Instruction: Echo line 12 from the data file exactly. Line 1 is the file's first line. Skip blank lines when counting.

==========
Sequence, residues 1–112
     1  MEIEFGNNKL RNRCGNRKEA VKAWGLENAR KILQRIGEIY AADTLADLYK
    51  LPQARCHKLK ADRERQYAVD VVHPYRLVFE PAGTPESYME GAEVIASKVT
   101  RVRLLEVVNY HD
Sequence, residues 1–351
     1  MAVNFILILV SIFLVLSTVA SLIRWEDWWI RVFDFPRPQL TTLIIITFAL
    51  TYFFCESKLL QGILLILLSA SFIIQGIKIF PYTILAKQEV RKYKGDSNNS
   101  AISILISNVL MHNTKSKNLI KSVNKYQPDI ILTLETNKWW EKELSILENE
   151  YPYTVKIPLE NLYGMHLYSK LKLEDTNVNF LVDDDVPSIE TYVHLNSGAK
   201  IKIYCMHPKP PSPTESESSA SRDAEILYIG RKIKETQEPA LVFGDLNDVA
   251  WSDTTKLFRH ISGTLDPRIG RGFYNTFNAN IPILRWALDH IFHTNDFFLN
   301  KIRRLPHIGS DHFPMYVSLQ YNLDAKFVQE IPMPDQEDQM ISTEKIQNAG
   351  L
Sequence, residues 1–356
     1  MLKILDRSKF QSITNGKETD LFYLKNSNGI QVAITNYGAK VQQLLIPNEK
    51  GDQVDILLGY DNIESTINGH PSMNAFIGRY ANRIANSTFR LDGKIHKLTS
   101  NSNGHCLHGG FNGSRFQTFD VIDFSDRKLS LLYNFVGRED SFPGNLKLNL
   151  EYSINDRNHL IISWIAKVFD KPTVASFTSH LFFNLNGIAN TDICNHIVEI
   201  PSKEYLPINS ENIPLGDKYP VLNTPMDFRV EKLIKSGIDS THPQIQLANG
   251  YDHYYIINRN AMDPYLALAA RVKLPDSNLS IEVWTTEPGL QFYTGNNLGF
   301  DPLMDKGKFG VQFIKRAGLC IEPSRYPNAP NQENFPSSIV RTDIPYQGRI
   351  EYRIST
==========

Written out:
   301  KIRRLPHIGS DHFPMYVSLQ YNLDAKFVQE IPMPDQEDQM ISTEKIQNAG